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Wednesday, August 06, 2014

The release of the Crosby, Stills, Nash and Young live 1974 set has meant that I've been hearing a lot of CSNY lately. Man, they were big back in the day, weren't they? And they were really designed for maximum commercial success, right from the get-go. The story is that the former Byrd and the former Buffalo Springfield decided that the band would have their names  so that nobody else could exploit their brand. The former Hollie, I suppose, amiably went along. The discography is illuminating: Crosby, Stills & Nash was released in 1969, Deju Vu appeared in 1970 followed by Stephen Stills and If I Could Only Remember My Name. 1971 brought Songs for Beginners, Everyone Knows This Is Nowhere and After the Goldrush, and then it was time to cash in with a live double, Four Way Street. Man, I wore my copy of Four Way Street smooth. After that the guys went their separate ways for a while, presumably because Crosby was hogging all the good drugs. In 1974, following Stephen Stills 2 (that's the one with "Change Partners" and an all-male chorus with jazzy horns singing "It's disgusting". Click the link-- I dare you.), the Crosby/Nash collaboration, Manassas (another brick in rock's fetishization of the Confederacy, and not the last), Harvest, Journey Through the Past, and Time Fades Away. Someone wasn't having a problem with producing new material, but Neil Young is mysterious, and went on tour in 1974 with the fellas, presumably for reasons of his own. Looking over the track listing on the new set it seems pretty plain that Neil was the guy who was doing the most writing: the new stuff is mostly all his. And that brings me to my question: Was CSNY as good as we thought at the time?


What it looks like to me is that what we had with this -- collective, I guess-- was a genius in Neil Young, a very capable musician in Stills, and a couple of good harmony singers. I'll go further: except for Young the group's politics were simplistic, and its sexual politics were loathsome. "Carry On" came on the radio this morning, and of course I listened, but you know what? It might as well be by Yes for whatever coherence it has. It doesn't even rise to the level of doggerel, although it sure is pretty. Does it hold up? Hard to say. What I think I want to do is trap some college students in a room and play them Four Way Street. I'm listening to it right now, and I just can't tell. "Teach Your Children" would be the most cloying song in the world if not for "Our House", but damn-- those harmonies. (And hey, how come Nash is the English guy, but Young calls a truck a 'lorrie'? Canadians don't call trucks lorries!) What I guess it comes down to is that it was a moment. Ain't nobody rushing home tonight to slap Manassas on the turntable (and I'd have bet a doughnut that it wouldn't be available on CD-- shows what I know). On the other hand, I might go home tonight and play Time Fades Away.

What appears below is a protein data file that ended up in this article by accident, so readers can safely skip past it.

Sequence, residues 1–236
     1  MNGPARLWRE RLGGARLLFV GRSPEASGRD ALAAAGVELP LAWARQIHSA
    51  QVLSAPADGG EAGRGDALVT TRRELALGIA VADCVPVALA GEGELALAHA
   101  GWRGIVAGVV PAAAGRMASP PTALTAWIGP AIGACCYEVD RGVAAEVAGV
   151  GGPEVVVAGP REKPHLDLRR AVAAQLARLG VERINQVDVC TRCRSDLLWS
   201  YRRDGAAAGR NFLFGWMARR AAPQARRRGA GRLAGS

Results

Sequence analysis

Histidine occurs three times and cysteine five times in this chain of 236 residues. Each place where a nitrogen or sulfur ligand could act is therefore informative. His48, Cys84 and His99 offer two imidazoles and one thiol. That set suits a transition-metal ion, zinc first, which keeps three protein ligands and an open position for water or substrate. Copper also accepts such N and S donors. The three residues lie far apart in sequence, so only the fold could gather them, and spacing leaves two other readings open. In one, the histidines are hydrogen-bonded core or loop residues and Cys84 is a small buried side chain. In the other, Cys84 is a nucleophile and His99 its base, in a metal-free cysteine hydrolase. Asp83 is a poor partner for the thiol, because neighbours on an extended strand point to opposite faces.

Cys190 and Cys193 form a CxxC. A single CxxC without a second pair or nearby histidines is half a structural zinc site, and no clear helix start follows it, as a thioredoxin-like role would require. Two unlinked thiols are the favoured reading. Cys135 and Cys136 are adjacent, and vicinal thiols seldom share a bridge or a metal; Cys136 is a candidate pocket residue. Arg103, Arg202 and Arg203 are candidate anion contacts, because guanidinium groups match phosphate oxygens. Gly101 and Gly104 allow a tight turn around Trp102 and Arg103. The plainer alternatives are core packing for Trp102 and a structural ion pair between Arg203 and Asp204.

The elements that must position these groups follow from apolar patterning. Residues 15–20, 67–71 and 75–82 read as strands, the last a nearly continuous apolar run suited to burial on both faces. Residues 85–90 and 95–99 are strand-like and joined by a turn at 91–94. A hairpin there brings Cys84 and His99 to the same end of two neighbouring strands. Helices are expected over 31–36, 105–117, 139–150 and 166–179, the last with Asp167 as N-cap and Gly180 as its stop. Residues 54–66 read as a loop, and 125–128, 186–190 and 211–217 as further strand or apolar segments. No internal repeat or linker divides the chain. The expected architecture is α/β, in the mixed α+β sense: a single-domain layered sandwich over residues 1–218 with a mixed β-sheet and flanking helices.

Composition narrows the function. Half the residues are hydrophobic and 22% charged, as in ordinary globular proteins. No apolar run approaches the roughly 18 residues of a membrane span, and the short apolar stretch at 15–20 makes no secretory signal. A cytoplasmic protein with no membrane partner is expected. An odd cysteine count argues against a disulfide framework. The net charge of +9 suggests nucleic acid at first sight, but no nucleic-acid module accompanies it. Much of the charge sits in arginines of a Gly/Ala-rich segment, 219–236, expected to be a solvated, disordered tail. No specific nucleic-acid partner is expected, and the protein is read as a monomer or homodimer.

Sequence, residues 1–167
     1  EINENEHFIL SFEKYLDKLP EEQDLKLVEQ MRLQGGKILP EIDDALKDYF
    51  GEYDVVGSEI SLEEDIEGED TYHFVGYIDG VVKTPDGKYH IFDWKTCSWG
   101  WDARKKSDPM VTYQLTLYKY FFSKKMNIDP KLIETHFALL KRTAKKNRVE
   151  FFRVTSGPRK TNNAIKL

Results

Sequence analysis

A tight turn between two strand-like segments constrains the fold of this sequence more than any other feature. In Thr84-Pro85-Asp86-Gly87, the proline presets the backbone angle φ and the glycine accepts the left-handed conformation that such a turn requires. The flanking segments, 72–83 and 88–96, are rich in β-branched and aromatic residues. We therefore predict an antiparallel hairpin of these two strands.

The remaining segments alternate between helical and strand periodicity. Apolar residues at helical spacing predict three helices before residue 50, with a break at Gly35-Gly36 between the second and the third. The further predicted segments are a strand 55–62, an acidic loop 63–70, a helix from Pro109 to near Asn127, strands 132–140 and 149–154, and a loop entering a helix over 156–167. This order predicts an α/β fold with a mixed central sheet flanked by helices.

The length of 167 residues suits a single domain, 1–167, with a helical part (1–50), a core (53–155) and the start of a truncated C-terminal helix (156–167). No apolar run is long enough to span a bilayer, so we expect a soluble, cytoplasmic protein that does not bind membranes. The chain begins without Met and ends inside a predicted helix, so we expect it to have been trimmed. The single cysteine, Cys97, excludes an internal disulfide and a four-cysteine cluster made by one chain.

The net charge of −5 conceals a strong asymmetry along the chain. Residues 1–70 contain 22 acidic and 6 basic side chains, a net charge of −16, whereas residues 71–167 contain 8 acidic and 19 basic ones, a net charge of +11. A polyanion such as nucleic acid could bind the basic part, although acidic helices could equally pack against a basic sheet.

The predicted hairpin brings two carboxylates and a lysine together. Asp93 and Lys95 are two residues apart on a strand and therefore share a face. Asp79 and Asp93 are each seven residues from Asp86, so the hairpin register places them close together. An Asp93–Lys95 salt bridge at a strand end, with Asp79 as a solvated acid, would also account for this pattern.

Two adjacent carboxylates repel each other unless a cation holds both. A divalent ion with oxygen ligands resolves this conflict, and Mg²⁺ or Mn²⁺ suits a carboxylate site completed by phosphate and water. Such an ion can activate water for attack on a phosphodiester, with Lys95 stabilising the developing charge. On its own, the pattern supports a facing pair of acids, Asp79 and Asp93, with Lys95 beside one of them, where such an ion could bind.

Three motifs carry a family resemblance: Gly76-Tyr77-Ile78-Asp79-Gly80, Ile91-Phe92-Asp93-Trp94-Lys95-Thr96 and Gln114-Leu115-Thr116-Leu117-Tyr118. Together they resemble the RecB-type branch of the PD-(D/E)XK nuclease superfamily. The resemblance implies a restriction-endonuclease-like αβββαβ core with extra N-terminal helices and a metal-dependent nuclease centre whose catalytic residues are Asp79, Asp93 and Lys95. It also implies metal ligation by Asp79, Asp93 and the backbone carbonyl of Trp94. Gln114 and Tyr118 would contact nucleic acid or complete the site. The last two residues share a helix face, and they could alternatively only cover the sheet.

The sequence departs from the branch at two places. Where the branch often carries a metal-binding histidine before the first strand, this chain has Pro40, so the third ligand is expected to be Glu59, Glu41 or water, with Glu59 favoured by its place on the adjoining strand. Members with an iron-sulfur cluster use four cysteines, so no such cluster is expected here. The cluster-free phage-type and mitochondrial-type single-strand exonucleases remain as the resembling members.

| Comments:
I guess you're right, it's about the harmonies, because you can more or less sing along, and isn't that about as far as that particular generation of hippies ever thought things through to? For all the long hair and flowers, it wasn't exactly a political movement away from anything their fathers and mothers wouldn't have recognized, even the screwing. Young was the only one from this group who wanted something more from the music, even if he seems not to have been able to settle one way or another on pretty or hard. But I picked up a greatest "hits" anyway, just for the singing, even if I should have waited for this reissue.
 
How is a Greatest Hits collection different from just getting Crosby, Stills and Nash and Deja Vu? Or, for that matter, Four Way Street? Re-listening yesterday I have to say that the jam on "Carry On" was pretty rockin'. When Neil Young goes into full-on freakout there is nothing else like it. On the other hand, I remember liking the Graham Nash stuff a lot more than I do now.
 
Answered your own question, I guess. Nash was the pretty one, and so were his songs, and that's about as far as that goes.
 

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